date, childrens implicit racial bias was found to be correlated with that of their parents, particularly for those who
are highly identified with their caregivers (Sinclair, Dunn, &
Lowery, 2005). Thus, levels of prejudice may be transmitted
from older family members to future generations.
Classical Conditioning
First introduced by Pavlov (1927), classical conditioning is
among the most basic forms of learning. It refers to the process whereby a person develops positive or negative associations with a previously neutral object through association
of inherently positive or negative attributes. For example, a
particular dress may gain positive associations through its
pairing with an attractive model in advertisements, whereas
African Americans may be subjected to negative evaluations stemming, in part, from their negative portrayal in
the media (e.g., the repeated pairing of Black male individuals with violence). Attitude acquisition through classical conditioning remains a contentious issue, however,
in part because some researchers have found significant
effects only in situations where participants were aware
that a conditioning paradigm was being used (see Olson &
Fazio, 2001). Such results call into question the validity of
some other findings by suggesting that the effects may be
because of demand characteristics rather than classical conditioning per se. However, evidence of classical conditioning can be present even when participants did not report

CH10.indd 370

knowledge of the paradigms used in the study, suggesting


that not all conditioning effects are due to demand characteristics (Baeyens, Eelen, & van den Bergh, 1990; Olson &
Fazio, 2001).
Of course, classical conditioning accounts for acquisition
of both positive and negative attitudes, and can be used for
virtuous and nefarious purposes. Classical conditioning as
a form of learning is understood quite well, based as it is
on data from several species, including humans, and using
fear as the attitude that is induced. In classical conditioning
models, people learn fear in much the same way as they may
learn positive associations. For instance, what if every time
participants heard a bell they received an electric shock?
They would learn to fear the bell, even on trials where it was
not immediately followed by physical pain. Such results are
of great importance because fear is one of the most devastating emotions an organism can experience. At extreme levels,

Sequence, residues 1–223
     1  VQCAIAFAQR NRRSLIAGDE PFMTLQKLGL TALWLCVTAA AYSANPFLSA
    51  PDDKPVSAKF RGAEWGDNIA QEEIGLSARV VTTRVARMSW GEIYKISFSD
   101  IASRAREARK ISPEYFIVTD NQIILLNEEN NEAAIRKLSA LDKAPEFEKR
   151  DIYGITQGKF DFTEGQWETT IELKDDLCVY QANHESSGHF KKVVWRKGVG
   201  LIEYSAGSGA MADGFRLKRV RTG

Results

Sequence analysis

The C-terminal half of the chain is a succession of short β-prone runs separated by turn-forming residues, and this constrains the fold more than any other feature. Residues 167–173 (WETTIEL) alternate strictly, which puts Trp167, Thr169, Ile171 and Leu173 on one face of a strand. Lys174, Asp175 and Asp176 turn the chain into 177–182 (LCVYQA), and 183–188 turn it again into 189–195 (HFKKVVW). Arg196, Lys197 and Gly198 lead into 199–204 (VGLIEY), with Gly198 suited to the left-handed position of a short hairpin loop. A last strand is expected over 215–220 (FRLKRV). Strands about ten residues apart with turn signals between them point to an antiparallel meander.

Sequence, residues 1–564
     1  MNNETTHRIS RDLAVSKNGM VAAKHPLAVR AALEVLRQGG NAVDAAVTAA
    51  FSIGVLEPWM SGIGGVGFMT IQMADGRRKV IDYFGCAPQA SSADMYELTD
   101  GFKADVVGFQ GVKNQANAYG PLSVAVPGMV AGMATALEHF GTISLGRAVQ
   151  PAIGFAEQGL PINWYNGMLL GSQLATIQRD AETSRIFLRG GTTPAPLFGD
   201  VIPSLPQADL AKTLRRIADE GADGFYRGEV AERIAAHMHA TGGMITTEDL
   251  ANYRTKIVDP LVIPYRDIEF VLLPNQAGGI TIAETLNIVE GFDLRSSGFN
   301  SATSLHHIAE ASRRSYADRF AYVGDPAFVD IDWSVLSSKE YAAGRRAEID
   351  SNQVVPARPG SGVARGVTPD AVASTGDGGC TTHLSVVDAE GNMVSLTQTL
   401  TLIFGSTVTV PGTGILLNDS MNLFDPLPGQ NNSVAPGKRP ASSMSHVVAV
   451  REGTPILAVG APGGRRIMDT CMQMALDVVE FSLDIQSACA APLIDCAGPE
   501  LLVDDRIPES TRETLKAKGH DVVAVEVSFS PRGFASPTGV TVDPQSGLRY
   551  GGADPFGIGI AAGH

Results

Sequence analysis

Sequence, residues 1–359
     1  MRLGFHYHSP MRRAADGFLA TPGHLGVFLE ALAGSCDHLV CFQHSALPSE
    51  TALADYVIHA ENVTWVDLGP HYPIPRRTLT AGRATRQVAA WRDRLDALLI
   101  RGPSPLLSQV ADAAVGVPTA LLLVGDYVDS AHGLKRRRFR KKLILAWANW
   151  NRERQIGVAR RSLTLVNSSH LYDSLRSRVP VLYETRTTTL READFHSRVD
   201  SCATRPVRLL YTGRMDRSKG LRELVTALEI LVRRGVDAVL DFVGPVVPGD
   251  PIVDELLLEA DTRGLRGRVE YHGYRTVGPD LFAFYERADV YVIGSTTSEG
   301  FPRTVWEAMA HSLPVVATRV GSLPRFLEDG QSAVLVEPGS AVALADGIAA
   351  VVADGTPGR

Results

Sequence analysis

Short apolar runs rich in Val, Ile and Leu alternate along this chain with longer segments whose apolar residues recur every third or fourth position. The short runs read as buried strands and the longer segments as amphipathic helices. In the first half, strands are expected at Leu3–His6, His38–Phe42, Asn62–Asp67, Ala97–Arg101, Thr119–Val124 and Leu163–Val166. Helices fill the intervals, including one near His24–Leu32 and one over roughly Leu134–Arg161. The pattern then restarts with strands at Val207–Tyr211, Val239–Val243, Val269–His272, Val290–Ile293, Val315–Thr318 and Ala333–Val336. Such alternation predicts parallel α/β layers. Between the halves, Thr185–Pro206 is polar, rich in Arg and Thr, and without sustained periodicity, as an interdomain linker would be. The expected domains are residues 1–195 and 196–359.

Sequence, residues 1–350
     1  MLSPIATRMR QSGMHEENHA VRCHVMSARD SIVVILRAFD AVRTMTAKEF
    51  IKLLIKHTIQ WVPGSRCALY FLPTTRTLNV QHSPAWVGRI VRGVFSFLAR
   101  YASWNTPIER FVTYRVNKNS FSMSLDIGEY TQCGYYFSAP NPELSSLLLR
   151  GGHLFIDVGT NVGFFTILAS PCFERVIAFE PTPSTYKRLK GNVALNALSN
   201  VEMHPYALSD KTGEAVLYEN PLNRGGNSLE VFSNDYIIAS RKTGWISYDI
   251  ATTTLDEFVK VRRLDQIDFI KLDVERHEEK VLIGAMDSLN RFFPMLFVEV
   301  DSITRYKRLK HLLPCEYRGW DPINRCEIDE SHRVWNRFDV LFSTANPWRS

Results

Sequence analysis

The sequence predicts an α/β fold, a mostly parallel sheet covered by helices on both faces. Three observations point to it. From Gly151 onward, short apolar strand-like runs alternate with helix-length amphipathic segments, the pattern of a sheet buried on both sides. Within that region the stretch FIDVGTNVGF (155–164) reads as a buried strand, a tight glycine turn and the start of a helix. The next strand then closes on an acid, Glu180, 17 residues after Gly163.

fearful attitudes can significantly impair daily functioning
(Rapaport, Clary, Fayyad, & Endicott, 2005).
Unfortunately, it may be easier for humans to associate
fear with outgroup members, particularly those of another
race. In one experiment, participants showed longerlasting fear to racial outgroup faces that had previously
been paired with an electric shock. That is, when Whites
saw a Black face and were then shocked, they showed
a larger SCR (see the section entitled, Measures of the
Autonomic System) than when they received an electric
shock paired with a White face. Blacks showed a similar pattern; they, too, had a more persistent fear response to racial
outgroup (in this case, White) faces. These findings suggest
that images of racial outgroup members may function as
prepared stimuli, or stimuli that are more readily associated
with fear (Olsson, Ebert, Banaji, & Phelps, 2005).
Recent research has supplemented this Pavlovian model
of fear learning with evidence suggesting that people can
acquire an attitude of fear toward objects that have been
associated with pain in others. That is, fear may be acquired
through a social learning (Bandura, 1977) process. Participants who view a video of another person receiving
shocks linked with particular images, for example, show
signs of fearing those images but not similar ones of a
different color (Olsson, Nearing, & Phelps, 2007). This
process may be evolutionarily adaptive; the ability to
learn from others misfortunes may come in handy if one